Viva la Revolution… the Literary one that is

I don’t usually have gut reactions – apart from those related to my food intake – but it was whilst conversing with my fellow golfing partners that I was left utterly astounded. Flabbergasted. I started to talk about something which is of great interest to me, and something that is also a great passion of mine – literature. So, I asked two educated 16 year olds, more jokingly than probingly, how many authors they could name. It turned out, that between them, they could name two authors, and were struggling to name the texts which they had – famously – penned.

To me, this brings up a cultural and educational issue that has to be tackled. I fear that this not a one off case and that it is more common than one might like to think. I’m not suggesting that everyone must love literature, and should be a fan of the classic novels, but I think that there’s a whole other side to reading that my generation will miss out on if they are not prompted to read. Recently, to improve standards in the Department for Education, Michael Gove the Secretary of State, was asking his employees to read classic novels and contemporary journalists’ work to help them improve their basic literacy skills.

Despite my aversion to Mr Gove, due to his political stance, I do agree with him on this issue. Reading high quality pieces of literature will help to improve the general public’s literacy standard, and their appreciation for literature. I say this from the point of view of a pedant, a position which I shan’t deny. Grammatical errors infuriate me. Thankfully, I live in Scotland, and hear plenty of them. Never have I recognised the logic behind using seen over saw, done over did. Or my personal favourite; ‘jamp’ over jumped. So, I endorse any measure that will aid the population’s literacy, he says from his ivory tower.

Back to the books. People who just read books don’t get the full pleasure of a novel. They need to be studied; the themes understood, the connotations, the dialogue. Only when one delves into these matters does one fully appreciate a novel. I sometimes do this on a more regular basis, not just with books either, looking for a subliminal message in things. It was when I compared the grey sky to a building that it dawned on me: yes, I’ll probably end up being an English teacher.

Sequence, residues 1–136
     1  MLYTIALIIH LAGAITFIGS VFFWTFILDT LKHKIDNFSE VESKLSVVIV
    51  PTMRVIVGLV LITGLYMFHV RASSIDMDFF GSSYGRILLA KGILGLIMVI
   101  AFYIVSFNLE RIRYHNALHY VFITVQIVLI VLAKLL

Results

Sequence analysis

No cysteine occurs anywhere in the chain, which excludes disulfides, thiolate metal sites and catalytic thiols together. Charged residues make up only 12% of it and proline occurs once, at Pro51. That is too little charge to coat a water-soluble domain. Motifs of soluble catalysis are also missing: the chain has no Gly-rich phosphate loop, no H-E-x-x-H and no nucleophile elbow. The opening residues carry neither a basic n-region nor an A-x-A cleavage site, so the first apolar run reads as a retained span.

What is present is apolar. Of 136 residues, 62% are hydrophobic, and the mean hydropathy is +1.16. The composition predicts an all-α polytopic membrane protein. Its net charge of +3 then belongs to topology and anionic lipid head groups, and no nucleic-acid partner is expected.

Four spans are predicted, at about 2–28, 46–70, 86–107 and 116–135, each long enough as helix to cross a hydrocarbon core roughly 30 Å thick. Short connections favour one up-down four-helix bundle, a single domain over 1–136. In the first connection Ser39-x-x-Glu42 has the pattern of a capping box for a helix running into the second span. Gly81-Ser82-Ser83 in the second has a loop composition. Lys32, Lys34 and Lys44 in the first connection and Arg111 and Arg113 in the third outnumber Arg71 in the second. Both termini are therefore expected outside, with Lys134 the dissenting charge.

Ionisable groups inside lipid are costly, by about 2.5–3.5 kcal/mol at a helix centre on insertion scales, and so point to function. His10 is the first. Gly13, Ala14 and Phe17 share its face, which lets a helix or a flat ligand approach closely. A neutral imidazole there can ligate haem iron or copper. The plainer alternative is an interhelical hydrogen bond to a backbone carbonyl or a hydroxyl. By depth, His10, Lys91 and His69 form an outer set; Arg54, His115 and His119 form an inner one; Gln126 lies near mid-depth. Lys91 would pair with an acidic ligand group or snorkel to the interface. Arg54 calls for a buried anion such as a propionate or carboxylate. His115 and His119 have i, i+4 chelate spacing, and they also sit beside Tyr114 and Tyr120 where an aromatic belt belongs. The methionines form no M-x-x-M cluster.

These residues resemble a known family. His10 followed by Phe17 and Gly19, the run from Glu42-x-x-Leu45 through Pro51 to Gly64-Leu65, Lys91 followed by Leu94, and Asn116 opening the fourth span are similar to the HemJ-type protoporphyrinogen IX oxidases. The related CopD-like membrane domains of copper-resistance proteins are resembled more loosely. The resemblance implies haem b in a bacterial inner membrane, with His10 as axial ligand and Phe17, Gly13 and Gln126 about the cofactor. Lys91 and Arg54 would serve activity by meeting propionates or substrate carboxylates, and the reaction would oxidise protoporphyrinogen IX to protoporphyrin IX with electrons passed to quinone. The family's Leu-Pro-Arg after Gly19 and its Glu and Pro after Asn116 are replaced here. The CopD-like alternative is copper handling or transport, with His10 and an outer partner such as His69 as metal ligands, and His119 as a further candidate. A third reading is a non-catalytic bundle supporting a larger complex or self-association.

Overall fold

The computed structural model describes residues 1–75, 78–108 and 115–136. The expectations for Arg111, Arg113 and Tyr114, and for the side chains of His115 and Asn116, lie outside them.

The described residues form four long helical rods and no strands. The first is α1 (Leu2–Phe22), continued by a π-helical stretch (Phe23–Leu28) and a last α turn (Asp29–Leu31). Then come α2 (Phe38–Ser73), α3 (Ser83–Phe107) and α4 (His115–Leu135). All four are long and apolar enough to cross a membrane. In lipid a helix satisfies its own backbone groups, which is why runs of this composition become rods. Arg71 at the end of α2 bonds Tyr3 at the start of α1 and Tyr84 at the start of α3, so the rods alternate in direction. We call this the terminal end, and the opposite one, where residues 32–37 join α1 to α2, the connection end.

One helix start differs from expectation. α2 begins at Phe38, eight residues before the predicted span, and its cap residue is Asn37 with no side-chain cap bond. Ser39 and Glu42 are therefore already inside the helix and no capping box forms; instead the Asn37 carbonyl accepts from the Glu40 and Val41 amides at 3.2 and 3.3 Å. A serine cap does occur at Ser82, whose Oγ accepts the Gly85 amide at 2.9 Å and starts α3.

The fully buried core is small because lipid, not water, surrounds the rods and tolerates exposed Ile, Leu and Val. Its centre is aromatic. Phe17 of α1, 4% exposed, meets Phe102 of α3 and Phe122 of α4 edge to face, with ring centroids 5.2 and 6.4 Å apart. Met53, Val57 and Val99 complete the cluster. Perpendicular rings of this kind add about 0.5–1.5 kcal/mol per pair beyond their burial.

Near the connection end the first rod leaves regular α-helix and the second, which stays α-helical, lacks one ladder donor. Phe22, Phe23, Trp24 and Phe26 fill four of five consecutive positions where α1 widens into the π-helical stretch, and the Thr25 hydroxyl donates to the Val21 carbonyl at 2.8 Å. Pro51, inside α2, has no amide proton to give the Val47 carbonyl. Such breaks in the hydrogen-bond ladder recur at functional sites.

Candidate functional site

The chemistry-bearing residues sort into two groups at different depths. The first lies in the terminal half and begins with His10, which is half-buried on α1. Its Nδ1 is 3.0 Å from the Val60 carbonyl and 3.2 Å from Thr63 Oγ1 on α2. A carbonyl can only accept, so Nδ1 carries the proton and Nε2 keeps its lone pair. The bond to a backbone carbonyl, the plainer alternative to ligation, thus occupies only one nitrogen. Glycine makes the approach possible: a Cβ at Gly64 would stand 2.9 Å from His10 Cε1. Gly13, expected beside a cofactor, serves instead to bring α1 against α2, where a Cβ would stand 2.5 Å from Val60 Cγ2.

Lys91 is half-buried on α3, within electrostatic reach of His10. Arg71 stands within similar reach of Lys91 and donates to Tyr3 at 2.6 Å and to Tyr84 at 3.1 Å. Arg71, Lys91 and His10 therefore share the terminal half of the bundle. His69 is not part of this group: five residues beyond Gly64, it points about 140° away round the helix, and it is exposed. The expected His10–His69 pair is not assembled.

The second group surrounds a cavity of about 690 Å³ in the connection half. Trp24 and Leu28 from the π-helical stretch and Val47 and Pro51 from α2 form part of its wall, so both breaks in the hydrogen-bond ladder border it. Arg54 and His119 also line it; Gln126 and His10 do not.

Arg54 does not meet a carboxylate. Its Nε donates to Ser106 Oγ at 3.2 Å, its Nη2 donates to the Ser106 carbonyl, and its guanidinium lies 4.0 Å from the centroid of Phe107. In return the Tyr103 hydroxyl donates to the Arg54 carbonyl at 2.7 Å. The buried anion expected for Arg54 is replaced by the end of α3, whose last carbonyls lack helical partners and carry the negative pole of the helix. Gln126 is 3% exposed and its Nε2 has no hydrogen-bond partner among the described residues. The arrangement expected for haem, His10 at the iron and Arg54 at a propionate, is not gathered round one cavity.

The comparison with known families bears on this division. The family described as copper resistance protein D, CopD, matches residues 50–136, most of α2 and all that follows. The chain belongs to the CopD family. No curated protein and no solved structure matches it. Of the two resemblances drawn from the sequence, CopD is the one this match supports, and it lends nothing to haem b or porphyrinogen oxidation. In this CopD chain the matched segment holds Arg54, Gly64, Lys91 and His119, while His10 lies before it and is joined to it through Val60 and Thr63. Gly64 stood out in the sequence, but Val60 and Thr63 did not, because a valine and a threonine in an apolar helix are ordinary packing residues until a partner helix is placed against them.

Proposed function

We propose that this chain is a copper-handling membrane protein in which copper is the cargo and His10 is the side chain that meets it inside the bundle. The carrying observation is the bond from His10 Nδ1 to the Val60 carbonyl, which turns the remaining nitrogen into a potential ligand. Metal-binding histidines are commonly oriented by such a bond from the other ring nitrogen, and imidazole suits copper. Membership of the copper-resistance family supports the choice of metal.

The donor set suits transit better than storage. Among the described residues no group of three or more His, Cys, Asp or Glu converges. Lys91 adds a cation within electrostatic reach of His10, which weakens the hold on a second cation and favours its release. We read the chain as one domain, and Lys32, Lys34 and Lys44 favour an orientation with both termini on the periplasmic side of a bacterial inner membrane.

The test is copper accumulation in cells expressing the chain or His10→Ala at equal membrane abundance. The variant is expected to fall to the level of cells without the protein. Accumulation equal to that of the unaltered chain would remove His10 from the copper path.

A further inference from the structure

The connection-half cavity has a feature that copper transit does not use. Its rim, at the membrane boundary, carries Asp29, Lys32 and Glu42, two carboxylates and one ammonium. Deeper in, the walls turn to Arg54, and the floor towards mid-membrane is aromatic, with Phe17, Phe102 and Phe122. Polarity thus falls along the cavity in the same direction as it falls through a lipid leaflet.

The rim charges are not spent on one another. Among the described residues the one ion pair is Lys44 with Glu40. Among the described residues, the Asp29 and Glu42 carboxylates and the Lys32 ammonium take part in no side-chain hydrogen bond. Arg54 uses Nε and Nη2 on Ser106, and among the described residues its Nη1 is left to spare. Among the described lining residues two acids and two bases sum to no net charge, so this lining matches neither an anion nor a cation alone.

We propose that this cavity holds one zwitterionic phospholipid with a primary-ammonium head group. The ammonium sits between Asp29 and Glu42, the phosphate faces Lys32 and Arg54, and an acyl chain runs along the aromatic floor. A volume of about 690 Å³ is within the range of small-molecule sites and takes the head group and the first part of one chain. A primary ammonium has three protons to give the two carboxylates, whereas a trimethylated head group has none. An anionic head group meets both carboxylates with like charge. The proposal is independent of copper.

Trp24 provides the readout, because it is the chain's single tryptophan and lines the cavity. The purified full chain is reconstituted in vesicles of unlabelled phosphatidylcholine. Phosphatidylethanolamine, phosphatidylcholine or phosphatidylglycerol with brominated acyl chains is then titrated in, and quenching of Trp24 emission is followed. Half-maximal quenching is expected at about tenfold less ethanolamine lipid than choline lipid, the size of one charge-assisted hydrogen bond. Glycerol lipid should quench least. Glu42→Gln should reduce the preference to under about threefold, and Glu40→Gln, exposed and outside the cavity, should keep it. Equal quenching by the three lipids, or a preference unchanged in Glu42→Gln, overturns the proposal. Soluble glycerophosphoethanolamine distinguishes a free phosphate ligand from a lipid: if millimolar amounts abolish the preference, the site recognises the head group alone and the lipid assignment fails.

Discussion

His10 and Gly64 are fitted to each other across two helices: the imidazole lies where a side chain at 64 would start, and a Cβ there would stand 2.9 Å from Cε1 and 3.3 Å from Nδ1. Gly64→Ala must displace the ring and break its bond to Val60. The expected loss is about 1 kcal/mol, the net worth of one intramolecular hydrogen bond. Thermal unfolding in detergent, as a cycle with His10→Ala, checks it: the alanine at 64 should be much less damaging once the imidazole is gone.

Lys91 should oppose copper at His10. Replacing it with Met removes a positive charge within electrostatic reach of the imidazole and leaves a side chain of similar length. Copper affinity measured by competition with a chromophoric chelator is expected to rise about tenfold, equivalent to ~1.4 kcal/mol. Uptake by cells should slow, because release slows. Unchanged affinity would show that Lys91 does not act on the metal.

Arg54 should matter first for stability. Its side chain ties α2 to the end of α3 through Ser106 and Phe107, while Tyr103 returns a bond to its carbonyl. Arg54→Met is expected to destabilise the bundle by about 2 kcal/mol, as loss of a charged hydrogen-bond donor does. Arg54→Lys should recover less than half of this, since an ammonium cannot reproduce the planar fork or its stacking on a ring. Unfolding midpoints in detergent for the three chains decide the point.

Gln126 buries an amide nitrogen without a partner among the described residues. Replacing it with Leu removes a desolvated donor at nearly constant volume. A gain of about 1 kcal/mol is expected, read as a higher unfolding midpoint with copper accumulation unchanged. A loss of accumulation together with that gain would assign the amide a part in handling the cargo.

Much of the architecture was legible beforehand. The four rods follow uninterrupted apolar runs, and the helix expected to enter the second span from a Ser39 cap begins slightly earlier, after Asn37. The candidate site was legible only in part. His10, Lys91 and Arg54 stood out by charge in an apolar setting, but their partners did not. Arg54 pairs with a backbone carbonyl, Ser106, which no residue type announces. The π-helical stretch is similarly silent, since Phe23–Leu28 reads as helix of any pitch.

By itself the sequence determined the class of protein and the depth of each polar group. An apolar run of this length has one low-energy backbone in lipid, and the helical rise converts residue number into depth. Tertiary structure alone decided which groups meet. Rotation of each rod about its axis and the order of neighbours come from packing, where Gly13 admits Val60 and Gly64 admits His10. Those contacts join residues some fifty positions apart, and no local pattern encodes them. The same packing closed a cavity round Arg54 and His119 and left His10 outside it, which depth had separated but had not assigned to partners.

I experienced one of the most sensational feelings, whilst reading a collection of George Orwell’s essays, titled ‘Shooting an Elephant’. I was outside in the warm summer sun, and I was reading this paragraph:

“They have nothing worthy to be called conversation, because emptiness of belly leaves no speculation in their souls. The world is too much with them. Their next meal is never quite secure, and so they cannot think of anything except that next meal,” and this struck me as potently relevant. We live in a country where we throw away food, but not too far away are those who die of starvation and malnutrition. What Orwell is saying is that they matter, and we need to look after them. I agree, and it’s when I read passages like these that I feel inspired to make a change to the world in which I live. These novels aren’t just to be read, they are to be used to help inspire the next generation to better themselves and their predecessors.

I also feel that people, who aren’t familiar with literature, are losing out on essential cultural knowledge about their area. For example, where I live, a man called Hugh MacDiarmid was a revolutionary. He was a journalist on the local paper, a poet, a founding member of the SNP, and a leader in the Scottish literary renaissance. But how many of my fellow schoolmates would know about that piece of history? Or that the national bard himself, stayed over for a night in Hillside – the village in which I live – whilst commuting between destinations to water the horses?

So, I feel that literature has the ability to inspire and it should certainly be respected and studied. Viva la Revolution, and if people disagree with my thoughts, remember that it would always be a good conversation starter at dinner parties…

 By Ronan Valentine

Ronan can be found on twitter: @RRJValentine97

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